There have been a lot of grey and rainy days where I live.
While I’m not one to complain about the weather, I’ve noticed how much my body—how much the depth of my bones—responds to these heavy, damp mornings.
My arms have goosebumps, where the fine hair stands on end. The tip of my nose feels cold and my loose rings turn on my fingers. I turn the heat up in my house, only to turn it back down, because I realize that what I want is to fully experience this spring chill.
After all, it’ll be hot and sticky and humid soon enough.
The backs of my legs will stick to my car seat. I’ll have imprints on my thighs from the wooden bench where my daughter and I like to sit after getting ice cream.
In short, each season has its beauty and every season comes to an end.
I feel a fullness in my belly and in my breasts that normally aren’t there.
My daughter sits in my lap and leans back as I read her a story; it’s getting uncomfortable for her to do this.
I go to yoga class and modify poses that I’d love to sink deeply into. The sweat beads on my upper lip and shoulders and instead of letting it drip sensuously down my back; I take child’s pose so as not to overheat.
Yet I’m not desiring that this period slips by, so that I might return to my typical life—I’m already shocked at how far along this baby is.
And I know that when my infant arrives, it’ll be an entirely new season.
Fall will be dawning and winter on our only slightly distant horizon. I’ll need a jacket to cover my now-empty abdomen. (I remember vividly the overwhelming urge to place my hands on my child in utero, only to remember that she’s now lying in the gentle nook of my arms.)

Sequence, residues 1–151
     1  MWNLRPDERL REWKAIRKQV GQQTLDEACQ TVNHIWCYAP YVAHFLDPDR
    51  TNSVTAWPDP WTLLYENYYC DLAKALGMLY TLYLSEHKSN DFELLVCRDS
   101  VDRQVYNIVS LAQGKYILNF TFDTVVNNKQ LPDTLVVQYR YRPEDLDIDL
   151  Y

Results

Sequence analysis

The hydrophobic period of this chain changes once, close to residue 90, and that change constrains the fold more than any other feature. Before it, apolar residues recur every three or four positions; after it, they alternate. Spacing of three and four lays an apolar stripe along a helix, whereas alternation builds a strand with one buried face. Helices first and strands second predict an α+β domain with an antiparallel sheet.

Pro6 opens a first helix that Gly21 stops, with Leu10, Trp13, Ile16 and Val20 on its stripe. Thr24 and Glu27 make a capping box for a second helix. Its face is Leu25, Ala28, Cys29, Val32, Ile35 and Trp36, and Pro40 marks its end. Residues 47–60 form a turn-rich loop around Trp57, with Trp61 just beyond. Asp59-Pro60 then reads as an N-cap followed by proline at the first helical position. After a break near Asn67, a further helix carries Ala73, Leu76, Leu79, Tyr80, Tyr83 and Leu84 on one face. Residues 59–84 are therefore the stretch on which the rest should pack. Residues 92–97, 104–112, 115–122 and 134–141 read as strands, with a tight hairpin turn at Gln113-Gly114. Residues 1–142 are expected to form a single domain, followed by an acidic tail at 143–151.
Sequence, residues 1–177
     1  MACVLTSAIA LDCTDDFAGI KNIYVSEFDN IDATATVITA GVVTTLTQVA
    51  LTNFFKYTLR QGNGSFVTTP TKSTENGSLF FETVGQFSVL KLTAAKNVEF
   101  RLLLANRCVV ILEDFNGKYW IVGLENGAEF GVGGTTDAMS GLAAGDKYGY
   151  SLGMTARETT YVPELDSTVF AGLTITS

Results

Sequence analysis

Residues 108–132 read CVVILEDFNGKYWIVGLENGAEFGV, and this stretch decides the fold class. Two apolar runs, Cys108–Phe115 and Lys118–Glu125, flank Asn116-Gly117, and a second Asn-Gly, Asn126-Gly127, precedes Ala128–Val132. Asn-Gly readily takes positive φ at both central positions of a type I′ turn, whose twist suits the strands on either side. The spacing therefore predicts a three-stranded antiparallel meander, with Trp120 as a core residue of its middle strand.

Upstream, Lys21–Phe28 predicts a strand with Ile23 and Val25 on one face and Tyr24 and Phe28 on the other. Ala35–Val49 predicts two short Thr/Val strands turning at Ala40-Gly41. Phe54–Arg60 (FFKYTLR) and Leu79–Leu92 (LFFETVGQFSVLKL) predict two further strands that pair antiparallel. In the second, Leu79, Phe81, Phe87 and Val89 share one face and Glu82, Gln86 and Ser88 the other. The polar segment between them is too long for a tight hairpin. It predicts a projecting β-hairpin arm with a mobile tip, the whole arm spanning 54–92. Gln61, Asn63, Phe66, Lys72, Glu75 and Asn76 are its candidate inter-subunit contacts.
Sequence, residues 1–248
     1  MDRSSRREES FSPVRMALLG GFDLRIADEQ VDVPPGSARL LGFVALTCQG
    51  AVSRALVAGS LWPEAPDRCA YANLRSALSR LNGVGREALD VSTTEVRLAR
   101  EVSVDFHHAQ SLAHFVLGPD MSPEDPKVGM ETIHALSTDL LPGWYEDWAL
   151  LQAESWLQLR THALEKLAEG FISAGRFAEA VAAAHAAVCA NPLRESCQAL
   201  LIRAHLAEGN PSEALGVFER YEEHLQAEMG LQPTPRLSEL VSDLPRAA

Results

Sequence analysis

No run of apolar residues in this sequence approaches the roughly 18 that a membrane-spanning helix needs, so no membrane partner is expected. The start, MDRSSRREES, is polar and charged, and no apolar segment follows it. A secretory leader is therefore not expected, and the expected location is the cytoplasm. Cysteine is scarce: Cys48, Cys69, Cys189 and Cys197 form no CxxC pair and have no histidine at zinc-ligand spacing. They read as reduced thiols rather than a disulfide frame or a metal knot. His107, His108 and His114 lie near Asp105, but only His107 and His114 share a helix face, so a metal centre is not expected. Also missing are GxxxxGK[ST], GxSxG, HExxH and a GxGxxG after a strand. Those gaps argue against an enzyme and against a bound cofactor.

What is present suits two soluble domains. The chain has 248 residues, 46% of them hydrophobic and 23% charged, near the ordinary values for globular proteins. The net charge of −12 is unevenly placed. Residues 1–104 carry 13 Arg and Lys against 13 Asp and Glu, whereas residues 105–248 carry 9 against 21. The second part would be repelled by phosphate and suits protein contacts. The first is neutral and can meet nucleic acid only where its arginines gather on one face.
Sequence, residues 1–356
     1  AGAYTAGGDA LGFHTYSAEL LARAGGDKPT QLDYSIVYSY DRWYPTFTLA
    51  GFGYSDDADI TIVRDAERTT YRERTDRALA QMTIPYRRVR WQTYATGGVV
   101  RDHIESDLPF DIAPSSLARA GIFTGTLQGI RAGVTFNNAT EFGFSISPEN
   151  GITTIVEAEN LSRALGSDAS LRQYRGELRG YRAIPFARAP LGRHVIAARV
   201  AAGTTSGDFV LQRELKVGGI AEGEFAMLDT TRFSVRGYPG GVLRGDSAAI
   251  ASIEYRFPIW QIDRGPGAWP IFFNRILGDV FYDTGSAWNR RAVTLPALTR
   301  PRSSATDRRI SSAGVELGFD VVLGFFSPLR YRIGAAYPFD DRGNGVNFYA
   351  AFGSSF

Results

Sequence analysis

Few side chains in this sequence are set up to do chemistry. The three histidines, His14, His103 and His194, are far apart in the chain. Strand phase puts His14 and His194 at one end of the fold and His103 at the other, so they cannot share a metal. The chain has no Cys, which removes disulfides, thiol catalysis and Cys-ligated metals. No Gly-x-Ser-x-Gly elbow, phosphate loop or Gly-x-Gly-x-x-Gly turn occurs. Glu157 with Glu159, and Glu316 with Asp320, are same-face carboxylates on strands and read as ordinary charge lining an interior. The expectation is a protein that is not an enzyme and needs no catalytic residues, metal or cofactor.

And autumn is my favorite season of all—the leaves crunching underneath shoes on well-worn trails, the splashes of color bringing visual awareness to places that my eyes usually skip over—but part of what makes it so special is that it comes and goes, and comes and goes. Its arrival, much like my new baby, is happily anticipated and its transformation into something more mature—falling snow and twinkling lights—is also beautiful, although drastically new and different.
So when my bones feel heavy and my heart longs to follow—when the damp spring days seem unending and, yes, even annoying—my tendency to either wallow or become agitated is, thankfully, often squashed by a tender recognition of this moment’s impermanence.
I place my hand softly on my belly, where I’ll begin to feel movement nearly any day, and I feel intense pleasure, peace and satisfaction at being grateful for where I sit, right now.